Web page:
I'm usually a pretty mellow guy. But there are three things that drive me completely batty. There's pineapple on pizza, for one. Going light on the gravy for Thanksgiving dinner makes the list, too. But neither gets me as hot under the collar as the dude sitting next to me on the train who yells into his cell phone. Sadly, all of us may be seeing more of him next year. That's when Boeing's
The service would probably mirror Connexion's broadband Internet service, which has been gaining traction. Indeed, according to the Reuters report, the number of jets expected to receive in-flight broadband is expected to nearly double by the end of the year, to 120. But that's a drop in the bucket: Boeing is already on record saying 8,000 commercial airliners are suitable for in-flight broadband Internet. It's a good bet that executives have similar expectations in rolling out cell phone service.
But it won't be easy pickings for Boeing, provided the idea gains traction among consumers, as expected. Privately held AirCell and OnAir are both developing in-flight cellular networks. OnAir, reports Reuters, is backed by Boeing rival Airbus. That means there's an expectation of demand. Where there's demand, there's money. Lots of it. And that means the Federal Communications Commission might consider lifting the U.S. ban on using cell phones in the air.
If you're wondering how the airlines could charge for something they might not even see you doing, think about this: Planes would have to have miniature cell towers installed in order to channel your cell phone calls -- incoming and outgoing. These "pico" cell towers would be linked to networks on the ground, but they'd have to operate on a separate frequency to avoid causing interference with standard, on-the-ground wireless traffic. Your call gets routed over that frequency, and your provider gets pinged roaming charges, which, in turn, get passed to you. Sounds fun, eh?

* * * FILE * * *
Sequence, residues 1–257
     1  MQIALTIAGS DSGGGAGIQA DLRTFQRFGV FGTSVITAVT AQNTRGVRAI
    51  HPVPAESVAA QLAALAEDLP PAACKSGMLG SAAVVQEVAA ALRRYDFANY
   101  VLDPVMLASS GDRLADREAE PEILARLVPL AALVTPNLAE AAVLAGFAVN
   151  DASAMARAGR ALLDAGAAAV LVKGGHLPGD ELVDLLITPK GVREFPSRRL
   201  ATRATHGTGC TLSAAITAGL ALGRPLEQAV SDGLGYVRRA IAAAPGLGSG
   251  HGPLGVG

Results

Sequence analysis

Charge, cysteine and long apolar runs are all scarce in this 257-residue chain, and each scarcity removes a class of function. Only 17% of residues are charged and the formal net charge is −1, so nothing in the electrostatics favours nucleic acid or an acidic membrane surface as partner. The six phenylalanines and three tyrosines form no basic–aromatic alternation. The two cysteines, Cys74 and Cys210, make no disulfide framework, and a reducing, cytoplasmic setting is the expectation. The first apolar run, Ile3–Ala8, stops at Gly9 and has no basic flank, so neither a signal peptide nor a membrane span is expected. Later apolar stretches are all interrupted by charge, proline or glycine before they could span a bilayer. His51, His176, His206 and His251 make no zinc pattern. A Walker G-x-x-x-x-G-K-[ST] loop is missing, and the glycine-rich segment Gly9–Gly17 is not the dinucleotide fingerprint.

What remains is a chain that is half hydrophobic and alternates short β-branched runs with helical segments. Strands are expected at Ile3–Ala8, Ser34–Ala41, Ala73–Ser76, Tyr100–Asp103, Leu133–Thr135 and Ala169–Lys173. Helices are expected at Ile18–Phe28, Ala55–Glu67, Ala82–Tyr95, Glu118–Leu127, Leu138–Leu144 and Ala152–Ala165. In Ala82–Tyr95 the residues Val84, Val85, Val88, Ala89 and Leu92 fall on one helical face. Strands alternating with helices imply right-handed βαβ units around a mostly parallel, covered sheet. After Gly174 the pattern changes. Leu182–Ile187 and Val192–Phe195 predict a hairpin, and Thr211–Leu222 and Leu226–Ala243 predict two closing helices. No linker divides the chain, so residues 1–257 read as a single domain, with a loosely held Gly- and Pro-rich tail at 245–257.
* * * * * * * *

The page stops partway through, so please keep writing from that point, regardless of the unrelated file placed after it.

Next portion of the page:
Still, there may be good news here for the Fool in all of us. I hate to admit it, but this widely despised development -- indeed, a poll conducted in April by flight attendants and the National Consumers League indicates U.S. passengers overwhelmingly oppose onboard cell phone service -- is reminiscent of classic Rule Breaking. Think about it: A massive market appears to be available, but few expect the FCC to let Connexion or anyone else tap the available dollars.
Investing where others won't is exactly how multibagger profits are earned in the stock market. So, much as I hate this idea, I'll be watching to see what the FCC does. And, in the meantime, tracking Connexion to see whether it can become the multibillion-dollar business Boeing believes it can. Just let me get some sleep first, OK?
For related Foolishness:
- Yep, we may soon be able to surf and talk at 35,000 feet.
- I sure hope there aren't any divas taking advantage of in-flight cell service.
- It won't stop at cell phones. In-flight casinos are next.
Will you zig when others zag? Do you have the guts to buy when others scream sell? Then call thyself Rule Breaker, Fool, and take a risk-free trial to our Motley Fool Rule Breakers growth investing service today.
Fool contributor Tim Beyers used to sleep well. Before he and his wife had three kids, that is. Tim didn't own shares in any of the companies mentioned in this story at the time of publication. You can find out what's in his portfolio by checking Tim's Fool profile, which is here. The Motley Fool has a disclosure policy.